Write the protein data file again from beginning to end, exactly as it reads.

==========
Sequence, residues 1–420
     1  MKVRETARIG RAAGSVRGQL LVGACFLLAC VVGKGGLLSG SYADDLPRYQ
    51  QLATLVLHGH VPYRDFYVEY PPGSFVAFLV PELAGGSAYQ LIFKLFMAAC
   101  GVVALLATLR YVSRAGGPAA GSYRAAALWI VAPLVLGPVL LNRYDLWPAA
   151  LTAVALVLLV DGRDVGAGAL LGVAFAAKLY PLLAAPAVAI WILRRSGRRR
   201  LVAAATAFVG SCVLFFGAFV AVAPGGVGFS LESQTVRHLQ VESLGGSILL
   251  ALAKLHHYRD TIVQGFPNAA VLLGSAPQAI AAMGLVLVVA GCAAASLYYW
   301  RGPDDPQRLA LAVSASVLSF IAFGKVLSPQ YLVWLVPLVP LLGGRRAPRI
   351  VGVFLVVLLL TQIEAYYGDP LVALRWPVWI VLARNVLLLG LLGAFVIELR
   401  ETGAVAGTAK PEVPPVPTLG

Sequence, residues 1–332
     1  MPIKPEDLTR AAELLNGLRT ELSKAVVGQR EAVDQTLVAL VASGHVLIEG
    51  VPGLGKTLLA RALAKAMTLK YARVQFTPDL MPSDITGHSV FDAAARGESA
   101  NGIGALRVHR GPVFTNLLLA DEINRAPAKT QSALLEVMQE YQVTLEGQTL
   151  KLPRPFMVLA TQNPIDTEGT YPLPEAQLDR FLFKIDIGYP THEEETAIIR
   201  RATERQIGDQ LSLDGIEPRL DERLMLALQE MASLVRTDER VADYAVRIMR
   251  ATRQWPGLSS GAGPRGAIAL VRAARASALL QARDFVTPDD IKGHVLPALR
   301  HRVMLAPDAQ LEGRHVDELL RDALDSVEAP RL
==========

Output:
Sequence, residues 1–420
     1  MKVRETARIG RAAGSVRGQL LVGACFLLAC VVGKGGLLSG SYADDLPRYQ
    51  QLATLVLHGH VPYRDFYVEY PPGSFVAFLV PELAGGSAYQ LIFKLFMAAC
   101  GVVALLATLR YVSRAGGPAA GSYRAAALWI VAPLVLGPVL LNRYDLWPAA
   151  LTAVALVLLV DGRDVGAGAL LGVAFAAKLY PLLAAPAVAI WILRRSGRRR
   201  LVAAATAFVG SCVLFFGAFV AVAPGGVGFS LESQTVRHLQ VESLGGSILL
   251  ALAKLHHYRD TIVQGFPNAA VLLGSAPQAI AAMGLVLVVA GCAAASLYYW
   301  RGPDDPQRLA LAVSASVLSF IAFGKVLSPQ YLVWLVPLVP LLGGRRAPRI
   351  VGVFLVVLLL TQIEAYYGDP LVALRWPVWI VLARNVLLLG LLGAFVIELR
   401  ETGAVAGTAK PEVPPVPTLG

Sequence, residues 1–332
     1  MPIKPEDLTR AAELLNGLRT ELSKAVVGQR EAVDQTLVAL VASGHVLIEG
    51  VPGLGKTLLA RALAKAMTLK YARVQFTPDL MPSDITGHSV FDAAARGESA
   101  NGIGALRVHR GPVFTNLLLA DEINRAPAKT QSALLEVMQE YQVTLEGQTL
   151  KLPRPFMVLA TQNPIDTEGT YPLPEAQLDR FLFKIDIGYP THEEETAIIR
   201  RATERQIGDQ LSLDGIEPRL DERLMLALQE MASLVRTDER VADYAVRIMR
   251  ATRQWPGLSS GAGPRGAIAL VRAARASALL QARDFVTPDD IKGHVLPALR
   301  HRVMLAPDAQ LEGRHVDELL RDALDSVEAP RL